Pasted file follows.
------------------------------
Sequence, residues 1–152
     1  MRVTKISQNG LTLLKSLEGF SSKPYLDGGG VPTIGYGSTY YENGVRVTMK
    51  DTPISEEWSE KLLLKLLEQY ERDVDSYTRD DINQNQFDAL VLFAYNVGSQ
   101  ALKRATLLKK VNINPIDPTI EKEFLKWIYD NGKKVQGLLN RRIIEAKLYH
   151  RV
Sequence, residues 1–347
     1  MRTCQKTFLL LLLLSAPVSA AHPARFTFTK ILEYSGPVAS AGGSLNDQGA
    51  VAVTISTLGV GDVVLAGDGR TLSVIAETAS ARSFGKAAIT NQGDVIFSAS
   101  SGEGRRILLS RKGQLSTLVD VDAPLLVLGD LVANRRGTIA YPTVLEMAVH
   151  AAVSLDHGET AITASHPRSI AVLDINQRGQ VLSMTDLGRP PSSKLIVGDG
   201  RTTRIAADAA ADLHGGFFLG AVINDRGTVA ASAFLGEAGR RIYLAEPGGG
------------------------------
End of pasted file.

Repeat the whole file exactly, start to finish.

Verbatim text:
Sequence, residues 1–152
     1  MRVTKISQNG LTLLKSLEGF SSKPYLDGGG VPTIGYGSTY YENGVRVTMK
    51  DTPISEEWSE KLLLKLLEQY ERDVDSYTRD DINQNQFDAL VLFAYNVGSQ
   101  ALKRATLLKK VNINPIDPTI EKEFLKWIYD NGKKVQGLLN RRIIEAKLYH
   151  RV
Sequence, residues 1–347
     1  MRTCQKTFLL LLLLSAPVSA AHPARFTFTK ILEYSGPVAS AGGSLNDQGA
    51  VAVTISTLGV GDVVLAGDGR TLSVIAETAS ARSFGKAAIT NQGDVIFSAS
   101  SGEGRRILLS RKGQLSTLVD VDAPLLVLGD LVANRRGTIA YPTVLEMAVH
   151  AAVSLDHGET AITASHPRSI AVLDINQRGQ VLSMTDLGRP PSSKLIVGDG
   201  RTTRIAADAA ADLHGGFFLG AVINDRGTVA ASAFLGEAGR RIYLAEPGGG